Demographic economics or population economics is the application of economic analysis to demography, the study of human populations, including size, growth, density, distribution, and vital statistics.
Aspects of the subject include
Human geography is one of the two major sub-fields of the discipline of geography. Human geography is a branch of the social sciences that studies the world, its people, communities and cultures with an emphasis on relations of and across space and place. Human geography differs from physical geography mainly in that it has a greater focus on studying human activities and is more receptive to qualitative research methodologies. As a discipline, human geography is particularly diverse with respect to its methods and theoretical approaches to study.
Geographical knowledge, both physical and social, has a long history. In the history of geography, geographers have often recorded and described features of the Earth that might now be considered the remit of human, rather than physical, geographers. For example Hecataeus of Miletus, a geographer and historian in ancient Greece, described inhabitants of the ancient world as well as physical features.
The birth rate is the total number of births per 1000 of a population each year. The rate of births in a population is calculated in several ways: live births from a universal registration system for births, deaths, and marriages; population counts from a census, and estimation through specialized demographic techniques. The birth rate (along with mortality and migration rate) are used to calculate population growth.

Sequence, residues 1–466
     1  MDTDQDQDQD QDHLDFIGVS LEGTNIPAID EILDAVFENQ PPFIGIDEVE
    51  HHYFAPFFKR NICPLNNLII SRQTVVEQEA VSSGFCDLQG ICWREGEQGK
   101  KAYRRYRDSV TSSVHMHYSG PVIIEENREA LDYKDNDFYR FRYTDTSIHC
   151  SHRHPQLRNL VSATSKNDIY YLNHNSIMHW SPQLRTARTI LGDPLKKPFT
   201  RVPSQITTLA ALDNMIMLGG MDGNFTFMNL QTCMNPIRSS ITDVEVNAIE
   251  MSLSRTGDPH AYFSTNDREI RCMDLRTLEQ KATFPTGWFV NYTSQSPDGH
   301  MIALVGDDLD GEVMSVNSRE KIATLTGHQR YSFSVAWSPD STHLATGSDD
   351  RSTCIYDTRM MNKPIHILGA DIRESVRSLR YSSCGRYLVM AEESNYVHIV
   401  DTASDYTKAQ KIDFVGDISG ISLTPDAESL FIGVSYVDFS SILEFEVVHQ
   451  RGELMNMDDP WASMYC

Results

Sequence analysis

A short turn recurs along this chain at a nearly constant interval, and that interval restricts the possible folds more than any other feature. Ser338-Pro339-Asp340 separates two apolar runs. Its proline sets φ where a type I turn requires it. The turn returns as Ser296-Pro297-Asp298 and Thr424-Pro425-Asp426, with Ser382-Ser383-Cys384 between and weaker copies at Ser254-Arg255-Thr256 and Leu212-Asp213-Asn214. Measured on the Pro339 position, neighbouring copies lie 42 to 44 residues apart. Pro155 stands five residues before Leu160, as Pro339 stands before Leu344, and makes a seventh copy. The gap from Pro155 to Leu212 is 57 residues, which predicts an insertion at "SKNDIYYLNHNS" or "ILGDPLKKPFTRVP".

The crude birth rate is the number of births per 1,000 people per year. Another term used interchangeably with birth rate is natality. When the crude death rate is subtracted from the crude birth rate, the result is the rate of natural increase (RNI). This is equal to the rate of population change (excluding migration).
According to the Encyclopedia of International Development, the term demographic trap is used by demographers "to describe the combination of high fertility (birth rates) and declining mortality (death rates) in developing countries, resulting in a period of high population growth rate (PGR)." High fertility combined with declining mortality happens when a developing country moves through the demographic transition of becoming developed.
During "stage 2" of the demographic transition, quality of health care improves and death rates fall, but birth rates still remain high, resulting in a period of high population growth. The term "demographic trap" is used by some demographers to describe a situation where stage 2 persists because "falling living standards reinforce the prevailing high fertility, which in turn reinforces the decline in living standards." This results in more poverty, where people rely on more children to provide them with economic security. Social scientist John Avery explains that this results because the high birth rates and low death rates "lead to population growth so rapid that the development that could have slowed population is impossible."
Sub-replacement fertility is a total fertility rate (TFR) that (if sustained) leads to each new generation being less populous than the previous one in a given area. In developed countries sub-replacement fertility is any rate below approximately 2.1 children born per woman, but the threshold can be as high as 3.4 in some developing countries because of higher mortality rates. Taken globally, the total fertility rate at replacement was 2.33 children per woman in 2003. This can be "translated" as 2 children per woman to replace the parents, plus a "third of a child" to make up for the higher probability of boys being born, and early mortality prior to the end of their fertile life.
Replacement level fertility in terms of the net reproduction rate (NRR) is exactly one, because the NRR takes both mortality rates and sex ratios at birth into account.